A football player biting his nails.
NBC
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Nail-biting is a body-focused repetitive behavior, in the same family as hair-pulling, skin-picking, and cheek-chewing. As with all such behaviors, it can be triggered by stress or anxiety but is not necessarily in and of itself a sign of stress of anxiety. “These are all grooming behaviors in the animal kingdom,” said John Piacentini, professor of psychiatry and director of UCLA’s CARES Center for childhood anxiety. “Grooming behaviors are very, very strong instincts and patterns. We believe that these disorders are grooming instincts that have gone a bit awry.”

The behavior is particularly hard to curb. “There’s no medication, really,” said Piacentini. “It’s hard to monitor, and hard to prevent. Oftentimes, it’s done automatically. We catch ourselves only after we start it. So even if you are trying to stop, the horse is out of the barn before you realize it.”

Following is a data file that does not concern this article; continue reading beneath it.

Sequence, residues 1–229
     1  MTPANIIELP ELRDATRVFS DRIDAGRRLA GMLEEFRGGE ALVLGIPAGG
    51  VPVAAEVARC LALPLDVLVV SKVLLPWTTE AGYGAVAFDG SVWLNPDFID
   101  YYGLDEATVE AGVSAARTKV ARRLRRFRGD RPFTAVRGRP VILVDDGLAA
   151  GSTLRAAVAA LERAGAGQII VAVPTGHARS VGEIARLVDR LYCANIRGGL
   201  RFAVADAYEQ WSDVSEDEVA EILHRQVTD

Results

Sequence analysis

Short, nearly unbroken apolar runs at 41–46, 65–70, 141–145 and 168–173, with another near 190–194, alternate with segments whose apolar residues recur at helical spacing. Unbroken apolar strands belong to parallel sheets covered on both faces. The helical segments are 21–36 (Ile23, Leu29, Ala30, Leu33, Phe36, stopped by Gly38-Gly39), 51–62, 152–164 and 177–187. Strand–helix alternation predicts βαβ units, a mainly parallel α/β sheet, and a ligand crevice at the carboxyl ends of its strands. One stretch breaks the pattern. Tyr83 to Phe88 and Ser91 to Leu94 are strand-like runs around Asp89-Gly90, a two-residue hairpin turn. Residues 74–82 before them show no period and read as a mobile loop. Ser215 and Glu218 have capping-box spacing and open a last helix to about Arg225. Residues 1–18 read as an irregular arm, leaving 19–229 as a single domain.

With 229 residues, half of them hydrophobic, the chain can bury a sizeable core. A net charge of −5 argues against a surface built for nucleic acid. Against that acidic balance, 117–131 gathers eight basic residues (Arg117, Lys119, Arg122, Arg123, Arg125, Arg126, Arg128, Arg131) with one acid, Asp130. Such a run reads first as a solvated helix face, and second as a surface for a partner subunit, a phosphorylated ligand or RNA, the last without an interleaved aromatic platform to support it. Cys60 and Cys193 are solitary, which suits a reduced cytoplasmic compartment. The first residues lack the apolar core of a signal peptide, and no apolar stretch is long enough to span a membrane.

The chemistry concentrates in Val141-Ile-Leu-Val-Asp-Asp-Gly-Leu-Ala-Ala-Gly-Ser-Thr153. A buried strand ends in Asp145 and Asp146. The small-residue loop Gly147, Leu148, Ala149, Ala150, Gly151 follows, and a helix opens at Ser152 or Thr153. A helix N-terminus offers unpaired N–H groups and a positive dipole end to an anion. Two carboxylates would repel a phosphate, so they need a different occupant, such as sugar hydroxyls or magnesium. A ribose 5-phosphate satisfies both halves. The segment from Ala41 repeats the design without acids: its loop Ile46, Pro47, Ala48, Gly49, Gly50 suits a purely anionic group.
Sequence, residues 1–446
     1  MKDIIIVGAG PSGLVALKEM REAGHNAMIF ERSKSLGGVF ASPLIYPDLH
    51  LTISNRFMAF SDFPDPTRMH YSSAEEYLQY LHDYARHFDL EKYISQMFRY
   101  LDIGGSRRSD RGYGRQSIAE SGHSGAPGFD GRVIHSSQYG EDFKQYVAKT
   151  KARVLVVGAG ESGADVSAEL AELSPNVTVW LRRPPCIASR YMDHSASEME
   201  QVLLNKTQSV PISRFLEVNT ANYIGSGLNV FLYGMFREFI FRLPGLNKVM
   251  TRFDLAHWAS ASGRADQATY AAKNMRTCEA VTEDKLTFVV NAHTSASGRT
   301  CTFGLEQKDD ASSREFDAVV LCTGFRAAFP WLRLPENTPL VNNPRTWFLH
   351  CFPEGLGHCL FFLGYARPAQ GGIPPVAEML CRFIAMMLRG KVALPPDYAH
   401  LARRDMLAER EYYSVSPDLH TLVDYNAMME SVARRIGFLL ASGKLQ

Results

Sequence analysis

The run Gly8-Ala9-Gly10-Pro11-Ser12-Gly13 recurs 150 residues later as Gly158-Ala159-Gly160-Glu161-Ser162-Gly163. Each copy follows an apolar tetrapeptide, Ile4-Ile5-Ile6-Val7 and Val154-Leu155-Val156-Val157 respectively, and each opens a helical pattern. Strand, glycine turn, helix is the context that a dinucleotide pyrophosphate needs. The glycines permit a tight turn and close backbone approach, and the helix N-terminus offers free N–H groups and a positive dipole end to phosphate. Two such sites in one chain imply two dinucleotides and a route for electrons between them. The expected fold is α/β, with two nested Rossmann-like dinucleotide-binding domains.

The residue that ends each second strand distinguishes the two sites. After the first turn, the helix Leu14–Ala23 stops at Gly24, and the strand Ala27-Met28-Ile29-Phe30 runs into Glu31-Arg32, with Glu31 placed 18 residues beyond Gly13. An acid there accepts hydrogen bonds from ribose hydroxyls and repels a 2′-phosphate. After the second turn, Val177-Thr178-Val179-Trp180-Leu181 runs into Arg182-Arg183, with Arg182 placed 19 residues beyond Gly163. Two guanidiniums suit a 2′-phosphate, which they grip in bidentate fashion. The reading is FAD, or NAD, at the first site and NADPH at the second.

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On New Year’s Day 2020, I once again set myself the resolution of minimizing, and eventually eliminating, this embarrassing habit. It might be tough in an election year, I thought, but I’m now 45 years old and I have got to find a way. I tried a different technique: For the first few weeks of January I restricted my biting to one hand, my left, letting the fingernails on my right hand grow unmolested. This worked, basically, allowing me on the one hand to continue my habit while, on the other, seeing the positive effects of restraint. In February, I attempted a kind of gentle withdrawal practice: I allowed myself to put my hands near my mouth, even to put my fingernails on my teeth, but I did not bite down. I just kept my hand there until the desire passed. When my wife smacked me, I ineffectually protested, “I’m not biting!” She was right that it was still gross, but I was right that I wasn’t biting. Those moments of tapping my ever-longer fingernails against my teeth were, it seemed, what I needed to curtail my desire.